We'll Always Have Summer

Yesterday the third "Summer" book by young adult author Jenny Han was released.

I discovered Jenny Han a little more than a year ago when I was reading four or five young adult novels a week and revising Cloud 9.  I found a book at the library called The Summer I Turned Pretty and even though I wasn't crazy about the title, the story seemed compelling.  Turns out the writing was good, too.  I read that book in a day and was pleasantly surprised a couple of months later to find a sequel, It's Not Summer Without You, at Barnes and Noble.  Another well-written, compelling story.  I've been waiting a year for the third and final book, wondering which brother Belly Conklin will end up loving forever.  Twenty-four hours after I downloaded We'll Always Have Summer onto my nook, I had the answer. 

What I loved most about the first two books, however, is not as prevalent in the third.  The "Summer" books are love stories, but there's more to Belly Conklin than her obsession with her first love Conrad and her friendship with his younger brother, Jeremiah.  In the first two books, Belly deals with some pretty serious issues.  Her parents' divorce and its impact on her, her brother, and her mom.  Her relationship with her mother and her mother's best friend, Beck, who happens to be Conrad's and Jeremiah's mom.  Beck's death and how it changes everything familiar and true in their lives.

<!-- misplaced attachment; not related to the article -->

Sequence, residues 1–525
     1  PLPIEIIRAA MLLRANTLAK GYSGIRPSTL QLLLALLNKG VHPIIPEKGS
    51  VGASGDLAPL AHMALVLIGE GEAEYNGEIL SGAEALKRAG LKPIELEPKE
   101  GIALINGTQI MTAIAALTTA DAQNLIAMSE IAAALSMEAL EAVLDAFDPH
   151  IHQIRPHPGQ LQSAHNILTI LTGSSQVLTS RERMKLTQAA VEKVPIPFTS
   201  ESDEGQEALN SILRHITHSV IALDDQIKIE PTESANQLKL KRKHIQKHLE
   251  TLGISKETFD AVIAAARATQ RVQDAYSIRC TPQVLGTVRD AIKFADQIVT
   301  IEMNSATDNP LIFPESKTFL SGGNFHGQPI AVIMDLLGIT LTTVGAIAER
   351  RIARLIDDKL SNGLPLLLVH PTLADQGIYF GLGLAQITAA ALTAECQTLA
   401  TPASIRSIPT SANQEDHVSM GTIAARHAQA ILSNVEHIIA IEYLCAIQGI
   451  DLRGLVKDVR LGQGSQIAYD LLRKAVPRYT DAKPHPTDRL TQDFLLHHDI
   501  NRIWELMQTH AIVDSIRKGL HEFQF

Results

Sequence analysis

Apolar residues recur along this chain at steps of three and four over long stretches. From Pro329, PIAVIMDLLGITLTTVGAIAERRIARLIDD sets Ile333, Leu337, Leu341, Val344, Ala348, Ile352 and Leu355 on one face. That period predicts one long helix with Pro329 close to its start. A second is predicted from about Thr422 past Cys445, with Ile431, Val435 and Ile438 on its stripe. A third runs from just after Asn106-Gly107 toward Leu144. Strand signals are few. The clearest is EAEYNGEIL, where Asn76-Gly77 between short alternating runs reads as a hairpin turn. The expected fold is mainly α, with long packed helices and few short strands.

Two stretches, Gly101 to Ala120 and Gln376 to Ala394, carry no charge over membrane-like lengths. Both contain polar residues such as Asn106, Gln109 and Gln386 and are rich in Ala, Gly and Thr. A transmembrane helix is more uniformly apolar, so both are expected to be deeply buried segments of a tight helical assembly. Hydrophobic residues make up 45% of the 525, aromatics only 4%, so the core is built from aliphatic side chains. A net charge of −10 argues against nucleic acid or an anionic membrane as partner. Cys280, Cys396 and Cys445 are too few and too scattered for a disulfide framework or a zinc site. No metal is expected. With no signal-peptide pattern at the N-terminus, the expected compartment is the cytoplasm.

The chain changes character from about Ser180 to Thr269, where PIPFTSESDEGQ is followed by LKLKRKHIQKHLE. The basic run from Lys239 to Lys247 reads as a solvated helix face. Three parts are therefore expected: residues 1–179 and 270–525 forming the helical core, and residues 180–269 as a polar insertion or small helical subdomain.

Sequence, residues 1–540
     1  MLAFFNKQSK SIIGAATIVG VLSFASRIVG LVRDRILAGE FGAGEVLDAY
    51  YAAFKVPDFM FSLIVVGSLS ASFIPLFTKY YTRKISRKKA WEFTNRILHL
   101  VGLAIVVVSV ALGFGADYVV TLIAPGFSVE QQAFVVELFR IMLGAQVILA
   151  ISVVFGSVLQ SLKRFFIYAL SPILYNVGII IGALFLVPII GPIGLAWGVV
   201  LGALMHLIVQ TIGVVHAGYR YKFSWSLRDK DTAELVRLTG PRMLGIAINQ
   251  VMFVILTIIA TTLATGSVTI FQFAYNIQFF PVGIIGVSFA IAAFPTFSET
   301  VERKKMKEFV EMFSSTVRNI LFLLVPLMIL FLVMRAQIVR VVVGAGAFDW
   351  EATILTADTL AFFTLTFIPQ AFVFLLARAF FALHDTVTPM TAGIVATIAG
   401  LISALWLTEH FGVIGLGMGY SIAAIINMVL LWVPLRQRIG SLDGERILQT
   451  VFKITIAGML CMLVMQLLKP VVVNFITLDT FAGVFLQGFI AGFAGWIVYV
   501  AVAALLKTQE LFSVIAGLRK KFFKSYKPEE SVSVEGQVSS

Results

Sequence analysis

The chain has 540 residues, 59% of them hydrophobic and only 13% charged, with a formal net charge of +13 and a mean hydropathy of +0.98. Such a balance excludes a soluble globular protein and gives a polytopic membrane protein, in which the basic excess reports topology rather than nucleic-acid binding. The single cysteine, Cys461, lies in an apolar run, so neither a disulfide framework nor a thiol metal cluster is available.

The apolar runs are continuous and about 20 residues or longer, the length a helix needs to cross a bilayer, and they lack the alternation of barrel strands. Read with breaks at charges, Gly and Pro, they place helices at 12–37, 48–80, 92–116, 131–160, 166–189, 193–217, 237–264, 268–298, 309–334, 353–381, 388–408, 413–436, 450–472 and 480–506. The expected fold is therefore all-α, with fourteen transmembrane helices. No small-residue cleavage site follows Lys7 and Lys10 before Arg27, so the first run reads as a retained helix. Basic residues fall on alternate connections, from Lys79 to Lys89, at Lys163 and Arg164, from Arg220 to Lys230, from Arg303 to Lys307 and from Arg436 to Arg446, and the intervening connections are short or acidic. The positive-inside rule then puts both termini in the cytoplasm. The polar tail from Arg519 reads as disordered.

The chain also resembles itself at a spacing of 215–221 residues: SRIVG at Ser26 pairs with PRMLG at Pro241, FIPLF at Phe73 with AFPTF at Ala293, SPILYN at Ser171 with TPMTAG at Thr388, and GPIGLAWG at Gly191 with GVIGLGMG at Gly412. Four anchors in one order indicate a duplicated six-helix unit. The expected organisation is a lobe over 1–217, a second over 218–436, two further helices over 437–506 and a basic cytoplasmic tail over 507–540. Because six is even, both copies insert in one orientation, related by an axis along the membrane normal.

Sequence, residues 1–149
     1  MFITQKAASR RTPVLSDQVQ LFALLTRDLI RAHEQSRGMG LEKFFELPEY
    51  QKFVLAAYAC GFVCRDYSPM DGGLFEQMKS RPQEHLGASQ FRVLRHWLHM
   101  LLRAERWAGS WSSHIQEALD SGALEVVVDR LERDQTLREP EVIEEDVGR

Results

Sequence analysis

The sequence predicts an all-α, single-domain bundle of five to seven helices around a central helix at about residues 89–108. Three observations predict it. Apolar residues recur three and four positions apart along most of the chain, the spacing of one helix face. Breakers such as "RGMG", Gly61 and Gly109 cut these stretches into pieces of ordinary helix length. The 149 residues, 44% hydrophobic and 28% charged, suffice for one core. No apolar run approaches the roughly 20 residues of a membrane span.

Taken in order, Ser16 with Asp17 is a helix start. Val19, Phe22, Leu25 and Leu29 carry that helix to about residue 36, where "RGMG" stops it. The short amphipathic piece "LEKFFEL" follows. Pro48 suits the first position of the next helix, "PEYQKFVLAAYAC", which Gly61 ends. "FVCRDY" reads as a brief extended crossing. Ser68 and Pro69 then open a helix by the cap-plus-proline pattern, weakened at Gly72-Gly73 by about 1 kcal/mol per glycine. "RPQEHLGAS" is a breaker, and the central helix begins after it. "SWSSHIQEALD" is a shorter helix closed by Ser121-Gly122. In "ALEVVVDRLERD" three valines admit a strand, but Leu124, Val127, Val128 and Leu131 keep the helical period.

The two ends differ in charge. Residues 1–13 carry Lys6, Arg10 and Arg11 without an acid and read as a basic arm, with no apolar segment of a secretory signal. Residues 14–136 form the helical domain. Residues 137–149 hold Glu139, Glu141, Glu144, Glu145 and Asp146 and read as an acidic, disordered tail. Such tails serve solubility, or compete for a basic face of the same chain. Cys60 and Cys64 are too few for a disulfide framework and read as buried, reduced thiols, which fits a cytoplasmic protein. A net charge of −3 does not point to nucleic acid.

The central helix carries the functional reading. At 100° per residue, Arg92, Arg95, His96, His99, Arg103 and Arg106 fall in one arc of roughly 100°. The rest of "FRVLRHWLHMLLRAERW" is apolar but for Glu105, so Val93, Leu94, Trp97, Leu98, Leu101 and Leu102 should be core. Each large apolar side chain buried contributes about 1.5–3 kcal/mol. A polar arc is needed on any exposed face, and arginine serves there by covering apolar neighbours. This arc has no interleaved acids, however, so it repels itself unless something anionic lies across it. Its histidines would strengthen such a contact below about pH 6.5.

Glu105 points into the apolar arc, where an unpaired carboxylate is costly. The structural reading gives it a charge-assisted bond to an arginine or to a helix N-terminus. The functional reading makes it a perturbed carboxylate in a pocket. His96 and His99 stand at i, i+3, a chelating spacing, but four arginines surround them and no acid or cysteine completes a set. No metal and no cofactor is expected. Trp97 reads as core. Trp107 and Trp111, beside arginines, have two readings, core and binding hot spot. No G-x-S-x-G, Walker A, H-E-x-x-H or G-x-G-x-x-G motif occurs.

Many young adult novels are about love, but a deeper thread is important for many readers.  I enjoyed reading about Belly's struggle in We'll Always Have Summer, but I wish there had been more about her other relationships, especially with her mom.  I devour young adult novels because I write them, and I want to learn as much as I can from what's out there.  I'm learning a good lesson today as I think about the "Summer" books and my own work.

An agent who read the full manuscript of Cloud 9 (and rejected it) wrote, "In the end, I felt there was an imbalance between Cat's emotional life, and the resolution of her problems at home in Minneapolis came about too quickly."  I am honored that she took the time to give me specific feedback and have been going back into the manuscript to see if I can find and remedy those gaps.  Today I have new perspective.

Where you'll find me this weekend: at the Festival of Children's Literature at the Loft.  Where you'll find me next week (after the kids go to bed): holed up in my office with Cat McClure and Brad Keenan at Cloud 9.